“When you are abroad, and you fall, it hurts more. Falling in New York is not the same as falling in Madrid.”
In the Romanesque church of San Nicolás in Segovia, the Spanish writer Elvira Lindo was talking to broadcaster Ann Bateson about her life in New York, where she lives for part of the year with her son Miguel and her husband, the author Antonio Múñoz Molina.
Lindo was explaining how she came to write her latest book, Lugares que no quiero compartir con nadie (Places I don’t want to share with anybody), published by Seix Barral.
“I wanted to write something about New York, after I’d been living there for a while. Of course, people in Spain were well aware that I was there, because of my columns in El PAÍS and my radio programmes. These days it’s really easy to contact anyone, so people were forever getting in touch with me to ask me to recommend a hotel that wasn’t too expensive but wasn’t grotty. Or somewhere that included breakfast, which is the norm in Spain but not in New York, or a good restaurant that wasn’t touristy, where locals went, or whatever.”
Lindo admitted that she got a bit fed up with being bombarded with these requests for insider information and realised that she didn’t really want to divulge the places she goes to with her family and friends. In the end she decided to recommend the same restaurant to everyone. “It’s one where you always eat well and in an area that’s handy for visitors to the city, but they were never satisfied and were always coming back and asking for more tips. I wondered why they didn’t just buy a guidebook to be honest; particularly as some of them are really good.”
It struck her that it had taken her a long time to build up her relationship with the city and that really she should be putting all this information into a book about her experiences – but not a guidebook; something much more personal.
“So I started thinking about writing about the places that were really special to me, including places that had been going for 25 years or more, some of which have closed down now.”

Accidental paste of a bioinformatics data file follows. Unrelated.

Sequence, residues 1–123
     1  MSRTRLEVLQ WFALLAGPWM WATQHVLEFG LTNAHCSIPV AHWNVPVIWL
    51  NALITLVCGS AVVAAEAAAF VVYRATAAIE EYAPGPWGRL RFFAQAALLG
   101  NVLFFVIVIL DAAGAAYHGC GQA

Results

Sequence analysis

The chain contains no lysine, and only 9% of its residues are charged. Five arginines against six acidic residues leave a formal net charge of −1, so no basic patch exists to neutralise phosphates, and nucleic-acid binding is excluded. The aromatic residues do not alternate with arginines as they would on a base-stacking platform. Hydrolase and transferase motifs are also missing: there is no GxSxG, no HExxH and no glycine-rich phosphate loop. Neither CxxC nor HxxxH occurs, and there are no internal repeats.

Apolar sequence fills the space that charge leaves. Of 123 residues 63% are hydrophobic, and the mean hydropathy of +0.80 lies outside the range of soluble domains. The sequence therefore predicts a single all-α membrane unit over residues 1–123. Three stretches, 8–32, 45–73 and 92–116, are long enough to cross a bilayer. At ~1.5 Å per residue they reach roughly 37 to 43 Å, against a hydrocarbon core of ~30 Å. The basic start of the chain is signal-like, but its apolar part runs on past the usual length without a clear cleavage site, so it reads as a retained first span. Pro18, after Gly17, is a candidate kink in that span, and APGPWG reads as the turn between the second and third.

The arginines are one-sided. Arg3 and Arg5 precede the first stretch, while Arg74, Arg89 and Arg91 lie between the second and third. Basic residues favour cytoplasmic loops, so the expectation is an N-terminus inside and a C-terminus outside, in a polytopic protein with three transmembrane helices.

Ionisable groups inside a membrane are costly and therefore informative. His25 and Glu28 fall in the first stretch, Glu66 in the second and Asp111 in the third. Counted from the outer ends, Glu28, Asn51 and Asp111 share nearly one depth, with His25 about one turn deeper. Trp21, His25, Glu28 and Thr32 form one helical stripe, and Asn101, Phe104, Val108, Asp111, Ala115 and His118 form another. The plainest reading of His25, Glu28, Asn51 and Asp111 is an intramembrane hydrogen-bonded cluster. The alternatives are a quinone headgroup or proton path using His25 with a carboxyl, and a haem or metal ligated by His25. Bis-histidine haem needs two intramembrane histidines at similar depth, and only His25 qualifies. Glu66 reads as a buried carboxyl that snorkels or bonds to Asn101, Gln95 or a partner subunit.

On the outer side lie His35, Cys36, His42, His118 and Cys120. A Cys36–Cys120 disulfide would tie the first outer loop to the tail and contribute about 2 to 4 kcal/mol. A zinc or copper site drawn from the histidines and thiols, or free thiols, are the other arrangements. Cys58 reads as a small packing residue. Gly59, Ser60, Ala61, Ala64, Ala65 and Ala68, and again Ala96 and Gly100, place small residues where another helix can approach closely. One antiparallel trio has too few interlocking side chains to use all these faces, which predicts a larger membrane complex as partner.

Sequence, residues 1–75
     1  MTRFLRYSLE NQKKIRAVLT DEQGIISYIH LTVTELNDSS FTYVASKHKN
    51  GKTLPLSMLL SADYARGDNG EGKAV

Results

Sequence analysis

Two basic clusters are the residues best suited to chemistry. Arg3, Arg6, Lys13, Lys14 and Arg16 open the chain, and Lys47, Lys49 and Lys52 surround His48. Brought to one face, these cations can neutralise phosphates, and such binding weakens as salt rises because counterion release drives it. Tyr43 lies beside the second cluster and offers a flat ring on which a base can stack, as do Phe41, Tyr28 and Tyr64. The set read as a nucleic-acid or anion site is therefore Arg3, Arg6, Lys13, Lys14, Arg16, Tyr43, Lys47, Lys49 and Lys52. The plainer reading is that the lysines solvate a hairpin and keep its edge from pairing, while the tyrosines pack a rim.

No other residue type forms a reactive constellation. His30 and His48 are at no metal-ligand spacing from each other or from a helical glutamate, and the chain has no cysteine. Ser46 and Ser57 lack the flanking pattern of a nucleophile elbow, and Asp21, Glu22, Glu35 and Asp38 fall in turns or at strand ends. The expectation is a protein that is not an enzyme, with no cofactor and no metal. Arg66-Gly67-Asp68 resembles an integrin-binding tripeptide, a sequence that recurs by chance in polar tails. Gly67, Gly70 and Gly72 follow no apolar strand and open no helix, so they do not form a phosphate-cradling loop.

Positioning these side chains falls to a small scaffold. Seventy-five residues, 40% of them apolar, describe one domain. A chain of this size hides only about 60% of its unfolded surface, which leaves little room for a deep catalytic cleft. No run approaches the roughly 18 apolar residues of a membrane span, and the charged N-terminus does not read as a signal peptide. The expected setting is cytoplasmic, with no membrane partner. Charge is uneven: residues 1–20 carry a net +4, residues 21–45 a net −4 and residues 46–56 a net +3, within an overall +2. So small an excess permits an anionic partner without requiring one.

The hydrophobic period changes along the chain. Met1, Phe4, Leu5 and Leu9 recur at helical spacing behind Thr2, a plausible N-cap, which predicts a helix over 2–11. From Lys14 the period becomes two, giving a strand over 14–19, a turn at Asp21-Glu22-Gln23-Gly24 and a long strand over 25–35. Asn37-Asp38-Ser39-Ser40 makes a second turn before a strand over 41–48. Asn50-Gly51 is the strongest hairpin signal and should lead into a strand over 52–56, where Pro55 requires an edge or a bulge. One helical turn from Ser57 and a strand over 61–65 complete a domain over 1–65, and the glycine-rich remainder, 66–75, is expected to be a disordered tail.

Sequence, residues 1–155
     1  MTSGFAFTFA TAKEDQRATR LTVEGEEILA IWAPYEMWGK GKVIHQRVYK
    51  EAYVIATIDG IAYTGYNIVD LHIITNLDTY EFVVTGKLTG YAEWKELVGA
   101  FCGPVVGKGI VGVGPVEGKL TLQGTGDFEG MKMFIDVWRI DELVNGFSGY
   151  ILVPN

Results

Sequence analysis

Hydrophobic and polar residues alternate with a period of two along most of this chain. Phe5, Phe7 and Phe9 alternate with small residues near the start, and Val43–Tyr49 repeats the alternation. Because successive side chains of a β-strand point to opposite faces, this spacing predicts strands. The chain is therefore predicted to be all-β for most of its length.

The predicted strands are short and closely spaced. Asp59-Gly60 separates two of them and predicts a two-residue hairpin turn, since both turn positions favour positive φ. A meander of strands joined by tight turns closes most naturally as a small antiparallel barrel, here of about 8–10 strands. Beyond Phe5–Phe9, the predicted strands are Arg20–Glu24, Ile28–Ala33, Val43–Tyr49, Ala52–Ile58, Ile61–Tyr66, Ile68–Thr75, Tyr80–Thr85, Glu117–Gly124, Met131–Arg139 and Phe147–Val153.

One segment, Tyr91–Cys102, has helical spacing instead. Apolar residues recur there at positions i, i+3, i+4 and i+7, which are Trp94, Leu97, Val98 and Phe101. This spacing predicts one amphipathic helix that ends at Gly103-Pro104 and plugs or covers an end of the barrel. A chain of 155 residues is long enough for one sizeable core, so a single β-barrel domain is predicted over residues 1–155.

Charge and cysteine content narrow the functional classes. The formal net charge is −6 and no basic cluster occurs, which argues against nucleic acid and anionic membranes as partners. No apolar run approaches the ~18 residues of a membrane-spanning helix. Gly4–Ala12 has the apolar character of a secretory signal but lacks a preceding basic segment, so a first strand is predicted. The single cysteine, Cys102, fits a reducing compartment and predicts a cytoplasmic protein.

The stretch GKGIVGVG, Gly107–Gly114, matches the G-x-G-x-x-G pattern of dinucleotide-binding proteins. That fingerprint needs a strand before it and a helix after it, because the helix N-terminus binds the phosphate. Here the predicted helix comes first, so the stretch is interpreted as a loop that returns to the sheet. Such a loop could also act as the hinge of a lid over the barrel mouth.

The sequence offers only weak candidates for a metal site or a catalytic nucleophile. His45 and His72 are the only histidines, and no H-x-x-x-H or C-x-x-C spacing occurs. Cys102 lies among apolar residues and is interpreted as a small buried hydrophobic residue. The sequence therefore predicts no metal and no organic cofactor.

The book is an entertaining insight into her life in New York, and shows how you will always feel like a foreigner sometimes, no matter how well integrated and happy you are. She made her comment about how you feel pain more intensely when you are away from home when she was talking about the day she fell awkwardly out of the lift in her apartment block.
“That day, I was on my own, Antonio was away. But I’d been out to dinner in Harlem, in a place I really like, so I was feeling pretty good as I arrived home. My building dates back to the 1920s and is really unusual, with this old-fashioned lift operated by an attendant, who has to crank a handle to get it on the same level as the landing. They used to be a traditional feature but you don’t see them so much now. Anyway, that day, he didn’t get it quite level, and I tripped and went flying and banged my head against the wall. It being New York, the attendant was worried I’d sue, and that’s what everyone seemed to be concerned about afterwards too, how much compensation I could get.”
Lindo was okay, although she said everything ached for a while. But it didn’t occur to her to sue, because no matter how at home she feels in New York, compensation culture just isn’t part of her Spanish character.